To start this newsletter I would firstly like to thank everyone for his or her patience and support towards Reef Recharge in the past months. We have had a very difficult time since the last newsletter was sent out. Those who have received updates in recent months will already be aware of what has happened to the project but I would like to take this opportunity to explain the situation further.
2016 has been one of, if not the, warmest year on record according to NASA. Several parts of the globe have experienced very unusual extreme weather conditions including droughts, hurricanes and prolonged heat waves. Unfortunately this has also affected the world’s oceans, with unusually high surface water temperatures being recorded around the globe.
You may have seen reports concerning the Great Barrier Reef in Australia. The best of the reports suggest that although a high percentage of the coral is damaged or dead it can yet be saved. The worst of the reports are posting an obituary for a reef that is millions of years old. Sadly the Great Barrier Reef is not the only place that has been affected; parts of the world are reporting coral bleaching that have never experienced it before and the Maldives has not escaped.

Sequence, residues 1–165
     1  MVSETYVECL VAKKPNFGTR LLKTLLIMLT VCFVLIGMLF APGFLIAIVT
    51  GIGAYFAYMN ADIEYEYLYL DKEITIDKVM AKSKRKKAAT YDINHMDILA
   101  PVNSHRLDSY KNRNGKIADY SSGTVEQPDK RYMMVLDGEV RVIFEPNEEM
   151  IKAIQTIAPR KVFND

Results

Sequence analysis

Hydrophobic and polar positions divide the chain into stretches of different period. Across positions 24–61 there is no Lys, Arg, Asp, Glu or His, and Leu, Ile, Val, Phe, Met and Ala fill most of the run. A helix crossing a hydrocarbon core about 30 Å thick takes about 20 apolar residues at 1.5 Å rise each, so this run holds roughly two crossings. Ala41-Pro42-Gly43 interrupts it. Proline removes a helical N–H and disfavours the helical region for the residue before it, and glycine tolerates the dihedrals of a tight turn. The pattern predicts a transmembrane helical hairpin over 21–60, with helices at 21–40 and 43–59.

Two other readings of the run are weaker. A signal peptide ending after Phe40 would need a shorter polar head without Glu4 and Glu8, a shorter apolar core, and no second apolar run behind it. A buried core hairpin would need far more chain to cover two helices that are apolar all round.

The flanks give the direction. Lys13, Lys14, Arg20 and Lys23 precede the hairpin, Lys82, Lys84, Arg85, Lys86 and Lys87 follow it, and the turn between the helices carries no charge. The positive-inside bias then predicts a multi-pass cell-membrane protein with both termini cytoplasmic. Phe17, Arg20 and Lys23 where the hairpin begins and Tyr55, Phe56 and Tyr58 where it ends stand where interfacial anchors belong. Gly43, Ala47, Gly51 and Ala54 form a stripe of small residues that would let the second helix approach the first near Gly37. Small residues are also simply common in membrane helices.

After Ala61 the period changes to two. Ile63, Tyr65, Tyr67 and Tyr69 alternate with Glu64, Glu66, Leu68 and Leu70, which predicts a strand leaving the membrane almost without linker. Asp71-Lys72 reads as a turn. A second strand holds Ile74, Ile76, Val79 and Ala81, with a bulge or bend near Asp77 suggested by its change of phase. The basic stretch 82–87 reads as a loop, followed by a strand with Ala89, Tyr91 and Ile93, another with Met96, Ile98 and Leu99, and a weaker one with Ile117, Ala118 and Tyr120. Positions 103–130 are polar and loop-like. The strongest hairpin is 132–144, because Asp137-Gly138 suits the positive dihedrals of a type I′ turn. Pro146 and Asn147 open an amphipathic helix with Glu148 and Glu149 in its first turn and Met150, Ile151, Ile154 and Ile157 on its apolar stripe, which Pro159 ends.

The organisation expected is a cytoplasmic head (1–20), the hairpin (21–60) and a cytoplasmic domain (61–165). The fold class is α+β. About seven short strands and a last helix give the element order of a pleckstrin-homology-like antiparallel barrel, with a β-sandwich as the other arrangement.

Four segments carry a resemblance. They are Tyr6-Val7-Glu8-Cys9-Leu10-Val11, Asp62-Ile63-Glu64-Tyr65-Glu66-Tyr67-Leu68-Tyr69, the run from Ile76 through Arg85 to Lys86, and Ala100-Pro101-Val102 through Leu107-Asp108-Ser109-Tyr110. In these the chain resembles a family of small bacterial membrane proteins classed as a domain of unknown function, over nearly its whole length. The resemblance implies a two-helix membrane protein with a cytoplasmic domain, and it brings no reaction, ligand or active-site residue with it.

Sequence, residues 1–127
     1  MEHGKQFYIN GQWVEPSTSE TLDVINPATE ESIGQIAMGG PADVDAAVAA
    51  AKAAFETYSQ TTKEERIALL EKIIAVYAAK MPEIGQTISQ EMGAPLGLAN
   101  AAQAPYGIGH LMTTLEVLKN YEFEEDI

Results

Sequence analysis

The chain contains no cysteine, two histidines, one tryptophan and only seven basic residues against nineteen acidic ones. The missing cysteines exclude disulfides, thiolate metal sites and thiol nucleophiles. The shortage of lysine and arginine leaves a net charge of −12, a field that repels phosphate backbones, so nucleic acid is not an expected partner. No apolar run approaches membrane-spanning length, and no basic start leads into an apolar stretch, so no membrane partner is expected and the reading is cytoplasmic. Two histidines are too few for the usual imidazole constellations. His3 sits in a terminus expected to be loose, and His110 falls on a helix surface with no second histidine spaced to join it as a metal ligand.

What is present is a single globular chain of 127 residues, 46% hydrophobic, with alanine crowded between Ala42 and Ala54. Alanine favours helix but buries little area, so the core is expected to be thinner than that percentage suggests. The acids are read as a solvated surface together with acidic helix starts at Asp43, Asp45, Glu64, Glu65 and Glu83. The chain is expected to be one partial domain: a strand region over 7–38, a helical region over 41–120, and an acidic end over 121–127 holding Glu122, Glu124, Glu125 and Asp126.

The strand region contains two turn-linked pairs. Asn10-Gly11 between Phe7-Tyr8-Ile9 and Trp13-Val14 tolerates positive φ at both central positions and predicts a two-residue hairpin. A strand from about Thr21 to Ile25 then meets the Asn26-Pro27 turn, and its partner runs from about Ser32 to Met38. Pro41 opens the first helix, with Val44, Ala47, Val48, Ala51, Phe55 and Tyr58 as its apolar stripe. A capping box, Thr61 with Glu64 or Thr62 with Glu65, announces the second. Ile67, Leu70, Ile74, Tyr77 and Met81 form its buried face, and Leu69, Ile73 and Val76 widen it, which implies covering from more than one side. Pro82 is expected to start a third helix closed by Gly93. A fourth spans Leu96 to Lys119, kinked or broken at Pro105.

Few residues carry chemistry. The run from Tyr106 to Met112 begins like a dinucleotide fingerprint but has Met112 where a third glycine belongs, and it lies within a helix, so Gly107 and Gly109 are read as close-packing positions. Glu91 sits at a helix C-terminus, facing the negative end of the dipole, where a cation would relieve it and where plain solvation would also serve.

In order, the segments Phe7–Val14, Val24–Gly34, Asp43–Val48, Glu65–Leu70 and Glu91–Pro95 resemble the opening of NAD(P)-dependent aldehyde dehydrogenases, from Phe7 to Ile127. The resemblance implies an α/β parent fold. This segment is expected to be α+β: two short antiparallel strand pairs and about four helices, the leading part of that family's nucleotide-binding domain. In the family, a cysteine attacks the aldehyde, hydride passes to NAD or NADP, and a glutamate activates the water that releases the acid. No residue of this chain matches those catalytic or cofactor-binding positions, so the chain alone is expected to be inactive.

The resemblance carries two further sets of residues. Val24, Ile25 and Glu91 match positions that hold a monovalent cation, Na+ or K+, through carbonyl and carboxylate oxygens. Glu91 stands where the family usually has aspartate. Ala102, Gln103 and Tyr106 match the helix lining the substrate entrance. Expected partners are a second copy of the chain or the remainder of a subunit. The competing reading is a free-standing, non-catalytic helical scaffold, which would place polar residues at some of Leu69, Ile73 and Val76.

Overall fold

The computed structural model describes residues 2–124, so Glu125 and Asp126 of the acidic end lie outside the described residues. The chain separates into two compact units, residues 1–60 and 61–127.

As reported in the last Newsletter (Newsletter #37) we experienced a prolonged period of very warm water and because the Maldives water temperature is already quite high for coral, it was pushed to the extreme and caused widespread coral bleaching. Once coral bleaching starts there is very little that can be done except monitoring the situation. Unfortunately after a few months we found that a huge proportion of our coral was bleached so badly it had no chance of recovery. After the bleaching an algae infestation sets in, if this were left the algae would engulf not only the bleached corals but also the healthier surrounding corals.
Drastic action was needed and we began to strip the dead corals from the frames. For some this may only be one or two pieces, for others unfortunately it is the whole frame. There is no pattern to which corals have survived, with older frames just as susceptible as newer frames.
Over the past couple of months we have been working to strip away any dead coral and clean the frames of any algae infestation. The problem now arises of replanting frames; we need thousands of healthy coral fragments. Finding a healthy coral is difficult so we can only work as they become available in our nursery. We are working to replant all the frames with the healthy coral, which we hope is more resilient that previous fragments, but it is a long slow process.
At this time I ask that you stick with us; we really are doing all that we can for the project with several hours a day spent tending to the frames. It is heartbreaking to see our hard work destroyed by something we have no control over but it highlights why we started the project in the first place.